Cheers!

 

Believe it or not "right up close" is relative compared with print media.  You can walk right up to the banner, but the quality doesn't need to be the same as a brochure etc.  In fact, even the material that larger media like this is printed on can only display so much quality.

 

You can set the custom DPI in the raytrace settings.  However, you could also just set the size of the pixels larger to accomplish the same thing.

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DPI makes no difference, this only determines the physical print size by dividing your defined pixel width & height by the DPI setting. What you need to know is what DPI does the printer need for that size of banner of a given quality. You then take the banner size in inches and multiply this by the DPI, this will tell you the pixel width and height you need to set in the Raytrace DBX.

 

Graham

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DPI makes no difference,

Graham

That simply isn't true when it comes to print media. Other media types it may not be as important, but in print media (which is what this is), its very important.  Whatever printer is printing this banner will have a dpi number that it can print to - a physical size and number of dots provided per inch.  Yes, you can blow up the size of the image and scale down, but more accurately you can set the size and dpi for print.

 

http://www.vsellis.com/understanding-dpi-resolution-and-print-vs-web-images/

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That simply isn't true when it comes to print media. Other media types it may not be as important, but in print media (which is what this is), its very important.

 

http://sebastien-gabriel.com/designers-guide-to-dpi/

Printers use many DPI levels according to the desired output print quality for a given physical print size. A pixel is a pixel, the print quality is determined by how closely(the density) you pack the pixels into each square inch of print surface. As mentioned, to get this correct you need to know the printers DPI requirement for the intended media quality. This plus the physical media print size determines the height and width of your pic in pixels that you need to Raytrace.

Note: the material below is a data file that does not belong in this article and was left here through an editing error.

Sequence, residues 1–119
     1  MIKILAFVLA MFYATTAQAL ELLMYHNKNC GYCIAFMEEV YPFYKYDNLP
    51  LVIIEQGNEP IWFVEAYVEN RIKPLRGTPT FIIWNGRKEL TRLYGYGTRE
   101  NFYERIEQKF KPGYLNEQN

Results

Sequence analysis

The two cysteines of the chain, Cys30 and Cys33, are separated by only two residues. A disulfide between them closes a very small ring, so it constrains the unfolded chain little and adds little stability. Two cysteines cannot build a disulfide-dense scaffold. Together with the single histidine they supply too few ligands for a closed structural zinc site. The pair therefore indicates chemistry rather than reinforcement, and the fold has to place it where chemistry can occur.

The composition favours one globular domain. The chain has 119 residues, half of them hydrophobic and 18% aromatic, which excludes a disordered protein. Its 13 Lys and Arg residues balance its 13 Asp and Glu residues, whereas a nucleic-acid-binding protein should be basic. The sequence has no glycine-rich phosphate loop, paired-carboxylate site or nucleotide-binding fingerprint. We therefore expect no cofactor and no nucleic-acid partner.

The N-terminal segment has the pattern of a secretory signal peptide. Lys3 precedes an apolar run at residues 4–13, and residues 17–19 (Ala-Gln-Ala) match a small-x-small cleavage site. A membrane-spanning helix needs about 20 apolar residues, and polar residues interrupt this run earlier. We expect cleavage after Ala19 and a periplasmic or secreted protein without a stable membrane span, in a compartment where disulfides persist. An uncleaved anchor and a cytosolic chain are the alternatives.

Graham

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Printers use many DPI levels according to the desired output print quality for a given physical print size. A pixel is a pixel, the print quality is determined by how closely(the density) you pack the pixels into each square inch of print surface. As mentioned, to get this correct you need to know the printers DPI requirement for the intended media quality. This plus the physical media print size determines the height and width of your pic in pixels that you need to Raytrace.

 

Graham

 

 

True, let me explain a little further.  The only thing that determines possible print size is Resolution, Width x Length measured in Pixels.  

A 12 Megapixel camera will have a resolution of 3,000 pixels x 4,000 pixels = 12,000,000 pixels = 12 Megapixels

An image 3000 x 4000 pixels printed at 100 DPI can produce a print 30" x 40" ... 3000/100 = 30, 4000/100 = 40

Same image printed at 300 DPI can produce a print 10" x 13.3" ... 3000/300 = 10, 4000/300 = 13.3